Though the Cougars exploded for 55 points against UNLV last week, they're still only averaging 20 points per game this season. CSU's defense forced five turnovers in a 24-19 loss at San Diego State last week.
The leader of the Ram defense is junior linebacker Mychal Sisson. Two years ago in Fort Collins, Sisson, as a freshman, gave the Rams an early 7-0 lead against BYU when he picked up a fumble and returned it 20 yards for a touchdown.
BYU knows it will have to be aware of Sisson on Saturday.
"I like him," said coach Bronco Mendenhall. "He's quick and he's active and he's fast and he plays hard. It doesn't take long to find him (on tape). He's a good player."
Sisson is No. 2 in the MWC in tackles-for-loss with 1.2 per game (14 overall), No. 3 in the MWC in forced fumbles (four), No. 6 in sacks (three), and No. 12 in tackles (74).
He's also among the league leaders in fumbles recovered (two).
"He's a playmaker. Every time you look up, he's making a play on defense," said CSU coach Steve Fairchild. "He obviously has athletic ability to cover a lot of ground out there on defense. Then here he goes again last week, just like he did against BYU two years ago, he scoops up a fumble and scores. He's very much a playmaker on our defense."
A DB COMMITMENT: Once again, BYU has turned to its Snow Junior College pipeline for help in the defensive secondary. Snow cornerback Preston Hadley committed to Mendenhall Tuesday. Next fall, Hadley is expected to help shore up a secondary that will be losing safety Andrew Rich, who also came from Snow. A 6-foot, 200-pounder, Hadley graduated from Pleasant Grove in 2006 before serving a mission. He reportedly has been clocked at 4.43 in the 40 and has a 35-inch vertical jump. Hadley also received scholarship offers from Washington State, New Mexico State and Kent State.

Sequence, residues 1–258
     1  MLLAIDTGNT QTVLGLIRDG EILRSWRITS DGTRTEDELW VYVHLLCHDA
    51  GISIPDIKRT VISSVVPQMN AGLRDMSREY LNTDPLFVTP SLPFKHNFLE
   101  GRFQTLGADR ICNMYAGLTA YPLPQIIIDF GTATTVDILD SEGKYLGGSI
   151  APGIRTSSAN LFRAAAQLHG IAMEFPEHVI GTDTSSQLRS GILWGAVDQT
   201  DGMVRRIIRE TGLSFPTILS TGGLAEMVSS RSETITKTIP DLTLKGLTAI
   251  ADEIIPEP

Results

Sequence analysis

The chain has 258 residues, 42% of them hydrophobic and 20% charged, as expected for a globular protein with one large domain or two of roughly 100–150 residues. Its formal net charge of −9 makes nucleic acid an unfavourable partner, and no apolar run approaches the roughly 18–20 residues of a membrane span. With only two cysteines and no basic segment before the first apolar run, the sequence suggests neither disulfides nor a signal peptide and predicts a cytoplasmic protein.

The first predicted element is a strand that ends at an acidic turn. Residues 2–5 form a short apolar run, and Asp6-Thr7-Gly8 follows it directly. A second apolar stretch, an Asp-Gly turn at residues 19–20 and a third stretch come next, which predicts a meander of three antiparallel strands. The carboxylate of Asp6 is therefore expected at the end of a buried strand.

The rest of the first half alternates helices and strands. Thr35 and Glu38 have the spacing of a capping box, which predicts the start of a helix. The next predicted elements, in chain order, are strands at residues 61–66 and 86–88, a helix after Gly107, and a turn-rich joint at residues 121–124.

JJ'S IMPACT: Junior running back JJ Di Luigi has been BYU's most consistent offensive player this season, rushing for 681 yards and catching 37 passes for 362 yards.
"I think JJ, especially early on, (played) a pivotal role because he was a player who was getting big plays on offense," Mendenhall said. "We weren't getting many, but if we did get some they were coming from him, both in the run game and the pass game. He was kind of holding us and giving us a chance for a while there."
Mendenhall was quick to point out that Di Luigi wasn't the only one carrying the offense, pointing out the play of the offensive line and running back Bryan Kariya.
"Now we have started to add a few more pieces and a little bit more balance to that," he added. "But I think he was the catalyst, or at least the steadying factor for awhile."